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Latino Mayor May Be A Glimpse Of Things To Come

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Latino Mayor May Be A Glimpse Of Things To Come

Latino Mayor May Be A Glimpse Of Things To Come

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  • <iframe src="" width="100%" height="290" frameborder="0" scrolling="no" title="NPR embedded audio player">
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There's a good chance America will eventually look a lot more like San Antonio. The Texas city has a majority Latino community, where English is the language of choice.

The mayor of San Antonio, Julian Castro, is young, photogenic, well-educated -and barely speaks Spanish. Yet he could be the model for a new kind of Latino leadership.

Maria Hinojosa, host of NPR's LATINO USA, has a profile.

MARIA HINOJOSA: The 36-year-old mayor is hard to pick out of a crowd. When he spoke at a rally for a San Antonio school bond issue earlier this year, Julian Castro looked a lot like the young people he was addressing.

(Soundbite of applause)

Mayor JULIAN CASTRO (San Antonio, Texas): We have an obligation, in this year 2010, to ensure that a whole new generation of young people has the best facilities, the best opportunity, to succeed in our schools. We need this bond issue for the future of our young people.

(Soundbite of applause)

HINOJOSA: And that future is going to be hard to ignore. Every 30 seconds, a Latino turns 18 in the United States of America. And that's just one reason to pay attention to San Antonio, where Latinos already are the majority.

Unidentified Woman: Thank you, good to see you.

Mayor CASTRO: Good to see you, yeah. How was the event today for...

Unidentified Woman: It was packed. It was packed.

Mayor CASTRO: Oh, good. Good.

HINOJOSA: We walked the streets of San Antonio with the mayor. It's clear that like Latinos across the United States, Latinos here are trying to figure out their place in mainstream American life.

Mayor CASTRO: In these last few months, especially with what's happened in Arizona, it seems like there is a target on the back of many Latinos, and a casting aside of their worth in the United States.

And the first instinct is to pull up your fist and try and fight that back, but I don't believe that that's necessarily the right course. I think the right course is to work within the community, to register voters, to turn them out, to focus on the positive. And if you get out and vote, politicians are going to have to listen to you.

HINOJOSA: Julian Castro learned politics at his mother's knee. He and his twin brother, Joaquin, who now serves in the Texas State Legislature, were politicized at an early age by the example of their mother, Rosie Castro, a single mom and Chicana activist. She was a driving force of La Raza Unida, a Latino third party in Texas founded during the 1970s.

Ms. ROSIE CASTRO: In my generation, we were not at the public policy table. You had to insert yourself into the political realities. You had to go to City Hall and demand things.

HINOJOSA: Today, Rosie's son sits at the head of the public policy table - at least in San Antonio.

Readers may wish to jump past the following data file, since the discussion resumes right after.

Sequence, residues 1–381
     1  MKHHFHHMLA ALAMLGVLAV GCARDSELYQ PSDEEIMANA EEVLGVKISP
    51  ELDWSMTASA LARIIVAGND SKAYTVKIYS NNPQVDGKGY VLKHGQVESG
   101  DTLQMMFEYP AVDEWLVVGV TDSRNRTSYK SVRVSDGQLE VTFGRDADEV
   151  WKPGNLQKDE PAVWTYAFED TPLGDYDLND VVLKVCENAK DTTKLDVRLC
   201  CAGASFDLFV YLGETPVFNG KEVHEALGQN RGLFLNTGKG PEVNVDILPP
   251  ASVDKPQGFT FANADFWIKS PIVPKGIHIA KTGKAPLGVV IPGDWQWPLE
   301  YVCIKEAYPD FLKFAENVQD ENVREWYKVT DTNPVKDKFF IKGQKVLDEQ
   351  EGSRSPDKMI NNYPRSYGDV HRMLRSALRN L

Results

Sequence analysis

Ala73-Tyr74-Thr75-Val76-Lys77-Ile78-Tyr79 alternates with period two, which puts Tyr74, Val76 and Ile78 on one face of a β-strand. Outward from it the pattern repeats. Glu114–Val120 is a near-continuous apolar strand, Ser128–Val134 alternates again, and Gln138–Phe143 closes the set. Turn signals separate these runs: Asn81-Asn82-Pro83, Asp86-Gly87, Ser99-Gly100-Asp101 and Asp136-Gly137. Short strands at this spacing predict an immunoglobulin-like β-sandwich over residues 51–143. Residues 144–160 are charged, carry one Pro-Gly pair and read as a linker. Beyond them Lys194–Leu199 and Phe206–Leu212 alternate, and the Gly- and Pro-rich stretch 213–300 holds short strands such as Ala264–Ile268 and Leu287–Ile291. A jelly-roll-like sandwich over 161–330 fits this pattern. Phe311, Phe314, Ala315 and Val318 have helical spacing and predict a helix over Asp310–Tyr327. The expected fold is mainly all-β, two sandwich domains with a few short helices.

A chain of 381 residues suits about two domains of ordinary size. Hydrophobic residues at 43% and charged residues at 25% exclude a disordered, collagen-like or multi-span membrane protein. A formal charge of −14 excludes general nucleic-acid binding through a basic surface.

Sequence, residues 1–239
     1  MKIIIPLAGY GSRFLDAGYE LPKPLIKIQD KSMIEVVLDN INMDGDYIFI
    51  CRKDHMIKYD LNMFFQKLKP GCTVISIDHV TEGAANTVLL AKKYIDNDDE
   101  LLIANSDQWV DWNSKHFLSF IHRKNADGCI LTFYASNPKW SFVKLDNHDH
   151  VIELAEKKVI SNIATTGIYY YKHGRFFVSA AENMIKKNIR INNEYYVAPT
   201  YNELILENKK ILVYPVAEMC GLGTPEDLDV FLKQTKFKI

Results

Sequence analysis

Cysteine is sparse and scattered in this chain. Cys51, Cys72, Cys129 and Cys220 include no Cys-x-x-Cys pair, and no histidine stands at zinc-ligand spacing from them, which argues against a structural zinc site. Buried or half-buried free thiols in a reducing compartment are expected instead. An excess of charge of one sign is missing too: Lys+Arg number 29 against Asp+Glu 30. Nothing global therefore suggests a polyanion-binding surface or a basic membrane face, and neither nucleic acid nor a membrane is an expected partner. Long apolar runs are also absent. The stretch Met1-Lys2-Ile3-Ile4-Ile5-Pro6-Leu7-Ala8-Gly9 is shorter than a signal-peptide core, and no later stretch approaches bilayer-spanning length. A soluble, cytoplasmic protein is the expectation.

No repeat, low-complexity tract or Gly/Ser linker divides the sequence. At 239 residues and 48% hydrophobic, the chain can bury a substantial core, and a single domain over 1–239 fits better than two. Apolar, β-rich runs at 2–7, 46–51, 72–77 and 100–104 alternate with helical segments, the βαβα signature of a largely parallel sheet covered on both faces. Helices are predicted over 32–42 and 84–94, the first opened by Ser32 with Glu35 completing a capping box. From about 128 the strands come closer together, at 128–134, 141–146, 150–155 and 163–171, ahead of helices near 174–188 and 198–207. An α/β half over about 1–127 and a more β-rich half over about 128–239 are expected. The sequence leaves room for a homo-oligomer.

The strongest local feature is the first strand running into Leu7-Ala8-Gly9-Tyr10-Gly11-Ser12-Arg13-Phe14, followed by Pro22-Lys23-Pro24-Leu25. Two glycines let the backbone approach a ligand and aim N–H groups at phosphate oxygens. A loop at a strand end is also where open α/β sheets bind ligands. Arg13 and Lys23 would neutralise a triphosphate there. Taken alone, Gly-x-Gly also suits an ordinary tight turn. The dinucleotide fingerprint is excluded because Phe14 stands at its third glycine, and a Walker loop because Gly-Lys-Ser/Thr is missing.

Henry Flores is a political scientist and dean of the graduate school at Saint Mary's University in San Antonio.

Dr. HENRY FLORES (Political Scientist; Professor of Political Science, Saint Mary's University): Julian is a new generation of Latino leader in an interesting sort of way because he'll clearly tell you that two of his role models were his mother and Henry Cisneros - his mother because it kind of gave him the sense of community and activism; and Henry Cisneros because it showed a way to govern, and a way to hold himself up in public.

HINOJOSA: Henry Cisneros served four terms as the mayor of San Antonio before becoming Bill Clinton's secretary of Housing and Urban Development.

Dr. FLORES: Rosie came up through the streets and was a community activist, but she came from the outside and was never accepted by the establishment, per se. Henry Cisneros was brought in by an Anglo establishment and eventually established himself.

Rosie and Henry kind of laid the groundwork for his arrival. And in an electoral sort of sense of way, in a participatory sort of way, he represents a third wave of Latino politicians.

Mayor CASTRO: You do have plenty of folks at the school board level, the city council level, the mayoral level, the state representative and senator level, who are a new generation of Latinos that are well-educated, that can make policy, and debate with the best of the folks around the nation.

And they take - hopefully - that legacy of what did happen in the past, and don't forget it, and learn lessons from it. But they're also able to operate in the America of 2010 and in that way, look out for everybody's interest and make policy that is going to help Latinos, yes, but is also going to help everyone that they represent.

HINOJOSA: Julian Castro: Stanford undergrad, Harvard Law, time on the city council, and now mayor. He may very well be the sort of Latino politician we'll see more of in the next American generation.

I'm Maria Hinojosa.

CORNISH: To hear more from Mayor Castro and his mother, Rosie, listen to NPR's LATINO USA, or visit

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